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UMKC SGA Supreme Court upholds confirmation of vice president


The UMKC Student Government Association (SGA) Supreme Court has decided to uphold the SGA Senate confirmation of Daphne Posadas as SGA’s new vice president, it announced on Dec. 7. The decision comes less than a week after SGA Senator Trenton Garza filed a petition against the confirmation, citing that the senate had “exceeded its discretion” in confirming a nominee without holding internal interviews.

Posadas, the former SGA chief of staff, was nominated immediately after the swearing in of former Vice President Mahreen Ansari as the new SGA president on Nov. 30. The senate confirmed her nomination in a nearly-unanimous vote, with Garza having cast the only vote against Posadas. 

The court’s decision was made by only three justices, rather than the usual seven. The remaining four justices’ terms expired on Dec. 2, and the positions await nominees from Ansari. The three justices presiding were Chief Justice Alexander Higgenbotham, Justice Jasmine Ward and Justice Chase Ford.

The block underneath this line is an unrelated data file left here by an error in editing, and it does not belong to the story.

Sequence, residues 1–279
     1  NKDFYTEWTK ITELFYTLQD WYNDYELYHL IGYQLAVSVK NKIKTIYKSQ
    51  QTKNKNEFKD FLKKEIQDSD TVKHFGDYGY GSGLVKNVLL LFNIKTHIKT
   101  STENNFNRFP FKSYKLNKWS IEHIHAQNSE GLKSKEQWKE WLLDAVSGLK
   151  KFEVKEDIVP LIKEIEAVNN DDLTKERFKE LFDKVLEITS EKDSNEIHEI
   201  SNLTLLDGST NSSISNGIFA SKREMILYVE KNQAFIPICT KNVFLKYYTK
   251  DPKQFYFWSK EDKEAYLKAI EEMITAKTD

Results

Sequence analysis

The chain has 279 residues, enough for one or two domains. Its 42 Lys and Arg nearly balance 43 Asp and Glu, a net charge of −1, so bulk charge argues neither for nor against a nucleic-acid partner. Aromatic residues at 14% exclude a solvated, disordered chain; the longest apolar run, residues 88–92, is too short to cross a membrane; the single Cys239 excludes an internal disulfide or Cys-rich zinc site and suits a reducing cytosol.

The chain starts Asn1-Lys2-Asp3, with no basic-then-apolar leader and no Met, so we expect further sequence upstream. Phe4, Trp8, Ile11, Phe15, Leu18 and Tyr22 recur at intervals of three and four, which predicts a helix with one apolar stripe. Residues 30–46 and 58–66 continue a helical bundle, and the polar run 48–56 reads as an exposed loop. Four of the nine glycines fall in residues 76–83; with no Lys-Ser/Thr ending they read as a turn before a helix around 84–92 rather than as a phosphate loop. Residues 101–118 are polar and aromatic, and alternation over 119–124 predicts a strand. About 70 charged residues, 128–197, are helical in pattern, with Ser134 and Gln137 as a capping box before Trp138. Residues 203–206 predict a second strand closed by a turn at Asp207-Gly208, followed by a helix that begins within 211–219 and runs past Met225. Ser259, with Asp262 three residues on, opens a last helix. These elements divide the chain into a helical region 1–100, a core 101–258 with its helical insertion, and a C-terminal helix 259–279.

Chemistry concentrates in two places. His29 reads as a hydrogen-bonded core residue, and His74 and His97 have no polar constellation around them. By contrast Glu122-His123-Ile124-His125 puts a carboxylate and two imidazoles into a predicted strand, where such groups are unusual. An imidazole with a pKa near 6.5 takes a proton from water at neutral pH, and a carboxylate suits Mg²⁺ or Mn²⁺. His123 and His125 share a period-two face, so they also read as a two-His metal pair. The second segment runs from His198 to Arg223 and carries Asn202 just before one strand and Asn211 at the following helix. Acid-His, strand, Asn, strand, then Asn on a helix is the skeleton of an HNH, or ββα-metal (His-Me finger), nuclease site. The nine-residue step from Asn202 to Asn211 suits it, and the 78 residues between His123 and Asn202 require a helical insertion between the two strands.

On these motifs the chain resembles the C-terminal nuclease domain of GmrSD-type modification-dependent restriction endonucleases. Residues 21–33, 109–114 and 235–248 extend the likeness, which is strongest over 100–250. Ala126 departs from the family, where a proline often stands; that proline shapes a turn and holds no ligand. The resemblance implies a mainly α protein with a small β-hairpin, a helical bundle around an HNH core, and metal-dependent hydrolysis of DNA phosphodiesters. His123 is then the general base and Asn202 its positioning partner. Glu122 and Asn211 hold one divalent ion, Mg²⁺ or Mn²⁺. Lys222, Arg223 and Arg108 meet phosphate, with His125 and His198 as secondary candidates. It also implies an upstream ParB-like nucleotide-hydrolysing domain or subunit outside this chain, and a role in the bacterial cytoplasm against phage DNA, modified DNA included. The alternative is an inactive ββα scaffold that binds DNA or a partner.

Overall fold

The court ruled that because the vice president position is normally voted on by students, and not confirmed by the senate, it is not logical to require Posadas to undergo procedures that she would otherwise not have to go through.

Despite there being no evidence in the SGA Constitution to require an interview, the court explored whether or not there was an implied requirement for a hearing. Garza stated that senate bylaws have explicit mandates for Supreme Court nominees to undergo a hearing as an implied requirement.

However, the court stated that the explicit difference in the mandates for court and vice presidential nominees was intentional. If the processes for the court nominees were meant to apply to vice presidential nominees, the court said, the Constitution would have said so.

The court argued that Garza’s request to override the senate’s vote and Ansari’s appointment would be an abuse of the SGA’s judicial power.

Removing the current vice president is a very serious action, the court said, and one that should only be taken if absolutely necessary.

According to the court’s official opinion, Garza repeatedly argued that the SGA Constitution was poorly written, which the court refused to consider as an argument in the case. If Garza had a problem with the constitution, the court said, he should introduce changes in the senate.

Garza also argued that Posadas did not “receive proper debate or scrutiny” as there was no interview by an internal committee. However, the court argued that because she was questioned by the senate on the night of her confirmation, it took the place of an internal committee interview.

The court also argued that the senate knowingly waived the requirement for an interview by voting for Posadas.

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